Photographer: Alessia Pierdomenico/Bloomberg

Euro-Area Economy Accelerates Less Than Forecast on Services

Euro-area output accelerated less than forecast in March as activity in services came in slightly weaker than expected.

A composite Purchasing Managers’ Index climbed to 56.4 from 56 in February, the highest level in almost six years, IHS Markit said on Wednesday. Even so, the reading is below a previous flash estimate of 56.7, with a gauge for services strengthening less than previously estimated.

“ The expansion recorded by the final PMI numbers was not quite the growth spurt indicated by the flash release, but still points to an impressive rate of economic growth,” said Chris Williamson, chief business economist at IHS Markit. The data suggest “a broad-based upturn among the euro’s largest members.”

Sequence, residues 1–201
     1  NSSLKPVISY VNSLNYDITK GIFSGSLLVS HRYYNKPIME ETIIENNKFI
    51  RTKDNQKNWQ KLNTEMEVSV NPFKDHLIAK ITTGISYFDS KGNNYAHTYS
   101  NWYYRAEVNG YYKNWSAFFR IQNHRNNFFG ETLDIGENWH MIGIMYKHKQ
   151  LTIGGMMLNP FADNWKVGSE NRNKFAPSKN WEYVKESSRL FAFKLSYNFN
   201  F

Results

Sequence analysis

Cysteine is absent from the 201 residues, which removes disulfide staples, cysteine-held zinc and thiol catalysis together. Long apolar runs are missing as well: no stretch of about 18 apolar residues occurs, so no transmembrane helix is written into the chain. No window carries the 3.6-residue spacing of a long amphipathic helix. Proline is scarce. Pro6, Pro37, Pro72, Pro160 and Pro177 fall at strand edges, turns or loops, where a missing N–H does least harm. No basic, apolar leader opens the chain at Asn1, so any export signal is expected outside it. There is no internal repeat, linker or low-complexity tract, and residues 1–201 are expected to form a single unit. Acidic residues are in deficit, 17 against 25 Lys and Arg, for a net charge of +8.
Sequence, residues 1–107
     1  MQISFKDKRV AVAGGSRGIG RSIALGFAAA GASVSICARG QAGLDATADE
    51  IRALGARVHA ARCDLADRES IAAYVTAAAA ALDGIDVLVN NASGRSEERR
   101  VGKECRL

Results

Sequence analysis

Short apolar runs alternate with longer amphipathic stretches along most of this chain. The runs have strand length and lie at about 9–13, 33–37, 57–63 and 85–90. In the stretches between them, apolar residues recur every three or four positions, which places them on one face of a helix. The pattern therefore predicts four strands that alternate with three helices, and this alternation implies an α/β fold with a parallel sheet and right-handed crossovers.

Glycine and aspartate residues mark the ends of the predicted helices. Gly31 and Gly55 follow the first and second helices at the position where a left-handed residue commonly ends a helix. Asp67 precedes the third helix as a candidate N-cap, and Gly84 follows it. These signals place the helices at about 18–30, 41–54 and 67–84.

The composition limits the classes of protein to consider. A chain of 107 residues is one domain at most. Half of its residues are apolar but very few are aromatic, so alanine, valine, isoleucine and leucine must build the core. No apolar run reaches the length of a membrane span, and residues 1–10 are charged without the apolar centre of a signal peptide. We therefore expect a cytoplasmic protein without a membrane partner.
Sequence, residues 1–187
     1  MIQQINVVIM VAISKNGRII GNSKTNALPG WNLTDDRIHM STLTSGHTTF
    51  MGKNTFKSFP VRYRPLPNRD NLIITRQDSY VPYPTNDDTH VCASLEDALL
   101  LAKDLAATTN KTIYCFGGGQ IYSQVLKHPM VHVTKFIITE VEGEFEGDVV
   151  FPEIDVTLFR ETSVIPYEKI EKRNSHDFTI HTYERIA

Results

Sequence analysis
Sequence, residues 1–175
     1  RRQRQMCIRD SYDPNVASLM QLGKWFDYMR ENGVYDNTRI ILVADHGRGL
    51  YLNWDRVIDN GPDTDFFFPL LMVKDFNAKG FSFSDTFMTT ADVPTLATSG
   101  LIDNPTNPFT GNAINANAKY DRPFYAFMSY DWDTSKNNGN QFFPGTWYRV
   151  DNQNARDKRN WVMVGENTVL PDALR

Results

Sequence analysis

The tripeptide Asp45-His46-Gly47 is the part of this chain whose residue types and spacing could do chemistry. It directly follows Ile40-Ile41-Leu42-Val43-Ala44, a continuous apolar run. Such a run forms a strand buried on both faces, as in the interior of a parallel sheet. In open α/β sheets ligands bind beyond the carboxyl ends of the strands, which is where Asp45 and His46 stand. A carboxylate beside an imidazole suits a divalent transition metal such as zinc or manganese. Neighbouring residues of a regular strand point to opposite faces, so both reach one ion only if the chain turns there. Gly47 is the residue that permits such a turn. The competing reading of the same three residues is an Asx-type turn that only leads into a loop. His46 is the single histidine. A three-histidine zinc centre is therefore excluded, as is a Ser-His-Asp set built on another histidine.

The European Central Bank has deployed unprecedented stimulus to rekindle the region’s economy and fuel inflation, and has said it will continue doing so until at least the end of the year. President Mario Draghi has pointed to underlying weakness as evidence that stimulus is still needed, while some of his colleagues have started hinting at a debate on what might happen once the recovery becomes more sustainable.

Service-sector output rose less than forecast to 56 in March, according to the report, which was still the highest level since 2011. Overall, the composite number points to a first-quarter growth rate of 0.6 percent, IHS Markit said.

“Most welcome for a region still suffering near double-digit unemployment is a rise in the survey’s employment index to its highest for almost a decade,” Williamson said. “Price pressures remain elevated, and look likely to feed through to higher consumer prices in coming months, but it seems likely that the ECB will hold its accommodative policy stance until at least later this year.”

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